I also feel like it’s important to emphasize that if you see something is wrong and you want to say something about it: do it. When I say that, I get that I’m coming from a place of immense privilege—being white, masculine of centre, and able-bodied. All of these things allowed me to do what I did, so I don’t want to downplay the added difficulty that it’s going to be for somebody else.
What do you think are the main things that remain to be done in the work towards inclusivity?
That’s a big question. We could abolish ignorance as a concept and make people more open to learning and accepting other people. I’m one voice of this monolith of a marginalized group that includes all of these different intersections and I don’t think it would be fair of me to point to specific things, because the things in my world that I want to change aren’t going to be prioritized in someone else’s world, and that’s totally okay.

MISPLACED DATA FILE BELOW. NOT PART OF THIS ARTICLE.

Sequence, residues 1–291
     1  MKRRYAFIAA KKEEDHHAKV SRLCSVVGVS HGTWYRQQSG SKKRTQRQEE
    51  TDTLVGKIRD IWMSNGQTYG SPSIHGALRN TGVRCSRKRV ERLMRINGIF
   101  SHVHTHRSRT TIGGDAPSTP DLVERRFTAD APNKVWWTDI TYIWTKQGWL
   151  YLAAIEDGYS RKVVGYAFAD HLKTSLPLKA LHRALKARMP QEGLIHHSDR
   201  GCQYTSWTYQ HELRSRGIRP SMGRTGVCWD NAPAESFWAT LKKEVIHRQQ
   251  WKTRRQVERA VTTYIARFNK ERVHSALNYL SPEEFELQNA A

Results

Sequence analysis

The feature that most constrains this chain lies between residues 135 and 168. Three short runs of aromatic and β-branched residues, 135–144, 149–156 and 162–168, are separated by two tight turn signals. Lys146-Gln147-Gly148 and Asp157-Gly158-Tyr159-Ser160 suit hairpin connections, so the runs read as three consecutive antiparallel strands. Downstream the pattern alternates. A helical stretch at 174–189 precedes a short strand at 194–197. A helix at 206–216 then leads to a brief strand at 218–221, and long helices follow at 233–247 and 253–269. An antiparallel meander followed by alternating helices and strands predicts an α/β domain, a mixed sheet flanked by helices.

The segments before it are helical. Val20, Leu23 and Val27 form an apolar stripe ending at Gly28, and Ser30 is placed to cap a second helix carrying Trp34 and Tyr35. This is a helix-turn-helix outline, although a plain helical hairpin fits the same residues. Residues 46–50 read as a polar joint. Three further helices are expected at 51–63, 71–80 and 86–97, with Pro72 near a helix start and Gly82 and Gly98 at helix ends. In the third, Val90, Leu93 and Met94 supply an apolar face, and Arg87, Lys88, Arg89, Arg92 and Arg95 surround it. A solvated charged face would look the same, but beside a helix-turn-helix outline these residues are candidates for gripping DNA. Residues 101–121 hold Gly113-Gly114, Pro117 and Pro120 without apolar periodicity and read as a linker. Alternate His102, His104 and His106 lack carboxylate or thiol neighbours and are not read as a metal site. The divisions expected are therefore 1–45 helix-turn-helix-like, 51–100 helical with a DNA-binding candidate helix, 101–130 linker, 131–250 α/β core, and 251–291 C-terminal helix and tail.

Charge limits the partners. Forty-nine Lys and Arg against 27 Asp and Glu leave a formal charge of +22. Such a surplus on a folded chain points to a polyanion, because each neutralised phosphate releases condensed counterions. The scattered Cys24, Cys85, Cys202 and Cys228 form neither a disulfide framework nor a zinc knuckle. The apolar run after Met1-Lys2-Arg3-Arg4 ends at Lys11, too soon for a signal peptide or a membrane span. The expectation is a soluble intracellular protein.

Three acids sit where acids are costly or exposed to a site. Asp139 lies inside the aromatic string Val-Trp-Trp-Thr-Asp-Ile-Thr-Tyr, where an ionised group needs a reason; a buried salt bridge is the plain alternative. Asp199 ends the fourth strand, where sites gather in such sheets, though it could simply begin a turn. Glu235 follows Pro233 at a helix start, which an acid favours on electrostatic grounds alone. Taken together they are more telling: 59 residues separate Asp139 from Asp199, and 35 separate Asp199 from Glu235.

Structurally as well as culturally, there is still a lot to be done to make our communities more inclusive. There is value in discussion as well as advocacy: let us make an effort to listen more, to ask questions, and to make sure that when we talk about inclusivity, we ask whether everyone—down to the last small percentage point—feels welcome.
The above interview has been edited for length and clarity purposes.